Posted by: francina larmon at January 31, 2008 05:59 PM

"And I wonder why it took us seven more years to leave? Maybe we were just slow getting our coat on"

We first we need to establish some more American owned factories and other capital building establishments o'er there, so that the people whose families and livelihoods we've destroyed can make us the comforting coat for our travels back west with the manifest.

Posted by: francina larmon at January 31, 2008 07:35 PM

maybe what hillary was trying to say is that when the president does it, that means it is not illegal.

Posted by: hapa at February 1, 2008 12:36 AM

very funny hapa.

(presidents obeying laws)

Posted by: francina at February 1, 2008 01:42 AM

well, maybe King as a participant in the game is not the most objective observer. I'm sure I could find an LBJ quote expressing a different opinion. And I'd consider neither to be definitive nor objective.

and I'm not so sure many people now would remember him had he not been shot. A good speaker, delivering speeches other people wrote. And a preacher, I'll add, and I have trouble taking seriously anyone with serious religious beliefs.

Posted by: xyz at February 1, 2008 09:29 AM

Regarding your swipe at Hillary for her remarks re: MLK and the need for a president to put forward his agenda.

While MLK may have expressed some frustration with presidents in pushing for certain legislation and rightly suggested that LBJ was pressured by the movement to bring about the change, this shouldn't be seen as an indictment against the role of a president in pushing legislation. LBJ, for all his faults, and I can say I'm one who would rather not have had him as president, nevertheless did his duty and honored the movement and brought about at least some sort of fruition to it. MLK is honored today as the fundamental leader of the civil rights movement, but movements have a way of getting stuck if there aren't enough those in elected office who are willing to fight the fight for it. The ERA is one such that remains stuck to this day. Perhaps with different leadership we will see it renewed.


Posted by: James Dix at February 1, 2008 12:06 PM

I'm not so sure many people now would remember him had he not been shot.

Well, if he were alive today, he'd be speaking out against the American Empire, and we know that's enough to render any public figure invisible. "Who? King? The guy who wrote Cujo?"

Posted by: SteveB at February 1, 2008 02:29 PM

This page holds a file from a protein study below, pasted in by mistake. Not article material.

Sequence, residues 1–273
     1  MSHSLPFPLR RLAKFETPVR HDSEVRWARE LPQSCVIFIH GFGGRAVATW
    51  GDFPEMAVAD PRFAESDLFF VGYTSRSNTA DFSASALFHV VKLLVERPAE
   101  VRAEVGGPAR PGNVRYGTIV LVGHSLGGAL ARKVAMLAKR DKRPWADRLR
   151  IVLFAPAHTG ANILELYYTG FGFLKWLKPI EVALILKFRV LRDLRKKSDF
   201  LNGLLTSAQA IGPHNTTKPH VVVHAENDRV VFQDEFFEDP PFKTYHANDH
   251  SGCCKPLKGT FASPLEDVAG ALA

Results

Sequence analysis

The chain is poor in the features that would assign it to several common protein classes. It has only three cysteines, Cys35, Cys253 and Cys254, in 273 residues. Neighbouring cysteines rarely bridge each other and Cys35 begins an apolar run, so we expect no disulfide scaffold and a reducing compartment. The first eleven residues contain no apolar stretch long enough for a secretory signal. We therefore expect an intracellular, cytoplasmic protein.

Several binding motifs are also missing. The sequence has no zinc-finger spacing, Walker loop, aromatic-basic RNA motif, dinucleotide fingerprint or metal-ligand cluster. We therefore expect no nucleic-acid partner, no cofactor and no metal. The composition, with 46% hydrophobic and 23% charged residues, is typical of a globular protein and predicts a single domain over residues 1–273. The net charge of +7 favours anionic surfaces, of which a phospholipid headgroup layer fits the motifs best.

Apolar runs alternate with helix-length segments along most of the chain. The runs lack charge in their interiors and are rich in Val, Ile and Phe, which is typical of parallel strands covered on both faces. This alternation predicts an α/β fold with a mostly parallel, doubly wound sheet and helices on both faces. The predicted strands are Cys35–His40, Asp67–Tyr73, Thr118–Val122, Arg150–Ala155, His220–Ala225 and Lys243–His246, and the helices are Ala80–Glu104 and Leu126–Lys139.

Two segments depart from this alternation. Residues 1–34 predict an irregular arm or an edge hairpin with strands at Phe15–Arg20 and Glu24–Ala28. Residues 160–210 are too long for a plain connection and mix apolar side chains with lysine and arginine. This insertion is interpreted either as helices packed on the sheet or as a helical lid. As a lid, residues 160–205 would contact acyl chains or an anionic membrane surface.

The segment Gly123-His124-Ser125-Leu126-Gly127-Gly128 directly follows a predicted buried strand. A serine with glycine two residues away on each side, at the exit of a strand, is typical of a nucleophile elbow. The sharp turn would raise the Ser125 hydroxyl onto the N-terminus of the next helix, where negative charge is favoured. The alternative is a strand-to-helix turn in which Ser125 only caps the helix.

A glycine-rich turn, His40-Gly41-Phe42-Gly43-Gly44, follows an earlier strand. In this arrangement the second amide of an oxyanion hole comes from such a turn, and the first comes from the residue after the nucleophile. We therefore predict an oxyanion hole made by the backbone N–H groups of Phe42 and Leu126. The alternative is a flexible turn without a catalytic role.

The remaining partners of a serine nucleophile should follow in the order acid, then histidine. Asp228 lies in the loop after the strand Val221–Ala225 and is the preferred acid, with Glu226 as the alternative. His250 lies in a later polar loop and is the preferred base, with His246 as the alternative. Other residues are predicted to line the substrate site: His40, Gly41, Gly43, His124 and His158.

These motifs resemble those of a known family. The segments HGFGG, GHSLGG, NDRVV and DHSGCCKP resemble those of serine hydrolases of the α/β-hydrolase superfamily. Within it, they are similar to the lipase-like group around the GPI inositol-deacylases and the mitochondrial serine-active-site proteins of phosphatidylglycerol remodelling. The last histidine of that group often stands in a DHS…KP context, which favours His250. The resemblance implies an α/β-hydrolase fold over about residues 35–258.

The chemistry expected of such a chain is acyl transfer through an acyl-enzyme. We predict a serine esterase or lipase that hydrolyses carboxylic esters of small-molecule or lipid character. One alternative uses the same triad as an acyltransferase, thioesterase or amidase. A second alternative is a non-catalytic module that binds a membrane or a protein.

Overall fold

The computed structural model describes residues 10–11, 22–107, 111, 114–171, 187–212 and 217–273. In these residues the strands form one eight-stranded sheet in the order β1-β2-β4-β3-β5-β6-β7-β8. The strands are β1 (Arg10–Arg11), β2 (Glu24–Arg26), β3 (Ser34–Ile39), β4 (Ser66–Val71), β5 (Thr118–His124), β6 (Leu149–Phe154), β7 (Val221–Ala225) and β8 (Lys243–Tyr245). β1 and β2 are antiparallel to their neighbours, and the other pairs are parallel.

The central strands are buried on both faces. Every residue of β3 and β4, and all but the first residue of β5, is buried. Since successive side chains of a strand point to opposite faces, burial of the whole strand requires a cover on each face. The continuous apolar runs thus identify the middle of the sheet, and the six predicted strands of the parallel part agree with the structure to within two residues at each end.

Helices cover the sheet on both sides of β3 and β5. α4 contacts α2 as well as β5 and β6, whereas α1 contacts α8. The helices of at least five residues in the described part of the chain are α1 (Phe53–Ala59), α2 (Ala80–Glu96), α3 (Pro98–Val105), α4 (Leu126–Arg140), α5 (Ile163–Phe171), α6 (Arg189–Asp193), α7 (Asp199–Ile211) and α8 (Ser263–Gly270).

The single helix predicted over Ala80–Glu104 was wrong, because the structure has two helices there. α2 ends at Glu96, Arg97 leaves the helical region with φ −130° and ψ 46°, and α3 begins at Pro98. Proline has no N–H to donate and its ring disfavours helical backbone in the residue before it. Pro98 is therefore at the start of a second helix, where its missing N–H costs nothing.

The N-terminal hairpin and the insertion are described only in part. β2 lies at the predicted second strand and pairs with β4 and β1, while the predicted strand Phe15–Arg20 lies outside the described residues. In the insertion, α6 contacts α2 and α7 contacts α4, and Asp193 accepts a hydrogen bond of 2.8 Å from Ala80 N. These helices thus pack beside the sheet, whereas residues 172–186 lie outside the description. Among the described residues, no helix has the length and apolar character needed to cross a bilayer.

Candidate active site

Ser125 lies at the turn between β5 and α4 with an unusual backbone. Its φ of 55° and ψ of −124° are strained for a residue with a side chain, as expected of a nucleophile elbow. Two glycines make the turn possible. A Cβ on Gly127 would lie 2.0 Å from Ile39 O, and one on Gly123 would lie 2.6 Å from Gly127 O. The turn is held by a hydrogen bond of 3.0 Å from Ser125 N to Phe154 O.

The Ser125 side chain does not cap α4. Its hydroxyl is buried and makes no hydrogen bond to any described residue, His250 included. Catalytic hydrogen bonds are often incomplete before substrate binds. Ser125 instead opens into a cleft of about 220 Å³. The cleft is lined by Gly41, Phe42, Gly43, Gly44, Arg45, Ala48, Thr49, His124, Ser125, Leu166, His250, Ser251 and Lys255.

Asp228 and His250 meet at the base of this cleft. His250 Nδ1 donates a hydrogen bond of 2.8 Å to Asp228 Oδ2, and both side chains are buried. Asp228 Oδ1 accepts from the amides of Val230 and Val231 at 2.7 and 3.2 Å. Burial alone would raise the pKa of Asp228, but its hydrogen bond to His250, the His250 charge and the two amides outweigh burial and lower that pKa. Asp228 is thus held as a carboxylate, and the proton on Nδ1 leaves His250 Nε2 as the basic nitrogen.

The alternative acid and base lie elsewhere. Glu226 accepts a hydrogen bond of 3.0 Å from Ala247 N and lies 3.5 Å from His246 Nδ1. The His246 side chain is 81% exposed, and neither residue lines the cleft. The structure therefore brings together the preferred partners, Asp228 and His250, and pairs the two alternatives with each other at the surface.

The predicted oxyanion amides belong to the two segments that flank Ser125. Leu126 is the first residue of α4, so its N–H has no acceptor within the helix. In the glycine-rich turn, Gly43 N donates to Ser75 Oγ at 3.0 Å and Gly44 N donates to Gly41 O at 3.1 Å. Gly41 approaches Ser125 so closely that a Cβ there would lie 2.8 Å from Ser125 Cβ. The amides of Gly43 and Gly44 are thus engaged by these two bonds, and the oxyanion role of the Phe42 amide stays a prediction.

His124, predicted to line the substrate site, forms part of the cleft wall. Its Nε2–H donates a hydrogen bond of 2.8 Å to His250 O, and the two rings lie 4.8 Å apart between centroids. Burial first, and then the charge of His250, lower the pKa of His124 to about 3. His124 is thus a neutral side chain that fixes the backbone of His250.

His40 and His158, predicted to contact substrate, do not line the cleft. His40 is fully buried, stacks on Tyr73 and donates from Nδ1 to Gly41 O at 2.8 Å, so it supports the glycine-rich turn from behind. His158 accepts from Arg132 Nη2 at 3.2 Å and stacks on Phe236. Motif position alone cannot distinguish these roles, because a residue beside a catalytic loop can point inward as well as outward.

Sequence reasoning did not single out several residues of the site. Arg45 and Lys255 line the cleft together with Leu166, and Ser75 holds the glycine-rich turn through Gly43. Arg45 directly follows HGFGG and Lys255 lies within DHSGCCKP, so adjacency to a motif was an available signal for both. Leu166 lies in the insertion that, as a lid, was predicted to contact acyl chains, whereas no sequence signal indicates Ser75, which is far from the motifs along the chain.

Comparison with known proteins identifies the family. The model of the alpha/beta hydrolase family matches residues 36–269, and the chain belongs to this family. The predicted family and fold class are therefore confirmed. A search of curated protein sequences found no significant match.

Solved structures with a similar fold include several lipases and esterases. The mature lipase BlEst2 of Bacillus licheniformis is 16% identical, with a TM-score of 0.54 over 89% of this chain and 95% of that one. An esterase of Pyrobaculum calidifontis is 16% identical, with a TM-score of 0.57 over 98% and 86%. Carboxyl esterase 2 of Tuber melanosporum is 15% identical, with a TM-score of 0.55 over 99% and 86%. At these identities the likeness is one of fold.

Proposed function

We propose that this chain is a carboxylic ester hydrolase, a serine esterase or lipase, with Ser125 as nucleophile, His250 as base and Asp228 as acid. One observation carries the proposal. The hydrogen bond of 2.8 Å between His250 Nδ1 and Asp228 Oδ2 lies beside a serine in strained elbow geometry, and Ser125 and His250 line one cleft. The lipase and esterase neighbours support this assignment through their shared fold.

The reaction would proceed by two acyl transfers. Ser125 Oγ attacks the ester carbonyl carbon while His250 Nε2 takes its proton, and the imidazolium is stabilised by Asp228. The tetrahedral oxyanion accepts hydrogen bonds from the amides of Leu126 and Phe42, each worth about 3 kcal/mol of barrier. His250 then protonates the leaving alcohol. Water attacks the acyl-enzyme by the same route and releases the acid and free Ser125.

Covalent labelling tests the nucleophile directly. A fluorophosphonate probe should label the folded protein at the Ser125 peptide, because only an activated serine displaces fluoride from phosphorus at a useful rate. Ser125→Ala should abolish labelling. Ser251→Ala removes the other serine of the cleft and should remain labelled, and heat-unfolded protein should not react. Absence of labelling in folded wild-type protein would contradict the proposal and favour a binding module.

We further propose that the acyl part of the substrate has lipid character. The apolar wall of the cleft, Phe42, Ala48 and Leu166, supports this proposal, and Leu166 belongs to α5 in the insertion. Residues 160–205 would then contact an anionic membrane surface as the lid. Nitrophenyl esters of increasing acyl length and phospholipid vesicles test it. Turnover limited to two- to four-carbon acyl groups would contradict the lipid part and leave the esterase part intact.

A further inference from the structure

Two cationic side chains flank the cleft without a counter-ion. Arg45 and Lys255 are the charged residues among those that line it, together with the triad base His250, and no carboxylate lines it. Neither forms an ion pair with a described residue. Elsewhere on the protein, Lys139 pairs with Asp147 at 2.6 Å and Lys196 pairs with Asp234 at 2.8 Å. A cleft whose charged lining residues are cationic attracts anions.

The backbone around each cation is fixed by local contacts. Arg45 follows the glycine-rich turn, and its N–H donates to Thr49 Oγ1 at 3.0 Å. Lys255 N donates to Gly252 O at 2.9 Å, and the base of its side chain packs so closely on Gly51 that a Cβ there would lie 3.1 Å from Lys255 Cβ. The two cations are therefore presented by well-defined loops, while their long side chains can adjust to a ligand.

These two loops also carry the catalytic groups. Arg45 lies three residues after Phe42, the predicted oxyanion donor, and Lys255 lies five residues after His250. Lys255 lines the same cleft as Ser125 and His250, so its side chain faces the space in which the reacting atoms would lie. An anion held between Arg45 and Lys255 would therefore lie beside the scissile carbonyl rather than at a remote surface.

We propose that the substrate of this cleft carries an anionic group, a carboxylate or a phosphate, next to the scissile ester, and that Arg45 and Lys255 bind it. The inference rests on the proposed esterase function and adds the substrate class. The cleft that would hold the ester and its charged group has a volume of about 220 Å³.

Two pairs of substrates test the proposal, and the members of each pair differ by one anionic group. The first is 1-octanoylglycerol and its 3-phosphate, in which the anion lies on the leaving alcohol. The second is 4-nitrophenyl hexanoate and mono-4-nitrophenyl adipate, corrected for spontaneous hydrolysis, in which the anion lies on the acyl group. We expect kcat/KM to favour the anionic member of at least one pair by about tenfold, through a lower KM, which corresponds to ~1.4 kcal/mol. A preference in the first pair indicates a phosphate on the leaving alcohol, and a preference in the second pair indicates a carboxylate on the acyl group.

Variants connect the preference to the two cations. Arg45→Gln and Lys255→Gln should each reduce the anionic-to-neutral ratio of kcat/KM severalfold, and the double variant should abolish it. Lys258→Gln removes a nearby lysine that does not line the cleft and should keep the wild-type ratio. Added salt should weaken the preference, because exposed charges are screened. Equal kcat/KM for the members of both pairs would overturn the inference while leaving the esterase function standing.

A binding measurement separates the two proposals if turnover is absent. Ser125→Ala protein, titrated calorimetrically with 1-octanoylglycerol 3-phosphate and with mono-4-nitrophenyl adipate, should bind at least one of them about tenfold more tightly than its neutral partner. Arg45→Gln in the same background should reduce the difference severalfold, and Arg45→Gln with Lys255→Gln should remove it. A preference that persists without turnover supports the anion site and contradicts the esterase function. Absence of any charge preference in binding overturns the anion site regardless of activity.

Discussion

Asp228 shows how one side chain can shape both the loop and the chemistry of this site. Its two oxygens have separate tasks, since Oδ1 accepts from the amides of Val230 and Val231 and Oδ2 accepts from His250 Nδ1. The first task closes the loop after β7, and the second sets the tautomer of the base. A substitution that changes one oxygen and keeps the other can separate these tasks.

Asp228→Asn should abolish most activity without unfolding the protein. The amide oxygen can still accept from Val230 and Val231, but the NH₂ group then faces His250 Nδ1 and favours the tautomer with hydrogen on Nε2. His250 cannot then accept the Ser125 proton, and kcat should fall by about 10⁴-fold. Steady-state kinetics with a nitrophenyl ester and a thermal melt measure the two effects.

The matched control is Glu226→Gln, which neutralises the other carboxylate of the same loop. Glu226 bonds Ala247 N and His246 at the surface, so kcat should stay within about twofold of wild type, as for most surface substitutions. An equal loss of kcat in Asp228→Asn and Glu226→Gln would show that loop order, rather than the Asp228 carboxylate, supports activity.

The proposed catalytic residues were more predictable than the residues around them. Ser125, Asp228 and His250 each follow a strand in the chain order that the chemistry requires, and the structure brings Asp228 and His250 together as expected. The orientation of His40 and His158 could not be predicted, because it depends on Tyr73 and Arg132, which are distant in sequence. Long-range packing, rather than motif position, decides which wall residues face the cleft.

That brought the law around,
And brought Ole Jim Crow down.

Posted by: Mike Meyer at February 1, 2008 03:40 PM

Those that MARCHED 'cross the bridge
At Selma.
And EVEN those that kicked
them down.
They are the ones who
Made History
When they changed the law around.

Posted by: Mike Meyer at February 1, 2008 04:34 PM

That's rather an unfair swipe at Hillary, as nothing she said in any way contradicts what King said. King himself admits that it took Johnson's skills as a politician to get the bill through, which is pretty much exactly what Hillary said.

So where did Hillary go wrong, except to give her enemies a chance to quote her out of context, misquote her, and offer historical evidence as counterpoints to her argument that, in fact, support what she said.

Posted by: Jeff at February 2, 2008 01:23 AM

The swipe at Hillary was not unfair. Keep in mind that LBJ's and Kennedy's foot-dragging indirectly allowed for state-sponsored murder, rape, and bombings. Some issues allow for no middle ground. If you see a child being kidnapped by a child molester and do not act or report it, you cannot declare yourself "indifferent" to childrens' well-being. You're pretty much a monster. So, too, with civil rights. Fence-setters committed a different evil than white supremacist activists, but it was an evil nonetheless.

Besides, the motives of the Democrats were the direct result of black activism -- and nothing else. NOTHING else. As far as I can tell, the spectre of organized black violence was the tipping point for Democrats. They were not swayed by ethics, nor justice, and sure as hell not Christ. The economic costs of massive riots in every major industrial sector, combined with loss of life, combined with the wretched bad press as the "land of the free" imitated the fairly-recently-defeated Nazis pushed the issue well over the top. And that threat, that bare-knuckle or gun-to-the-head riposte to white supremacy, was what made the legislation inevitable. MLK was necessary, but not sufficient. Malcom X, et. al., were also neccessary.

LBJ was a bit player compared to the movement that gave his actions meaning.

Posted by: No One of Consequence at February 2, 2008 03:20 AM

Appropos of your last bit, I am reminded of Utah Phillips' frequent observation that "The most radical thing in America is a long memory."

Posted by: JMG at February 3, 2008 09:00 PM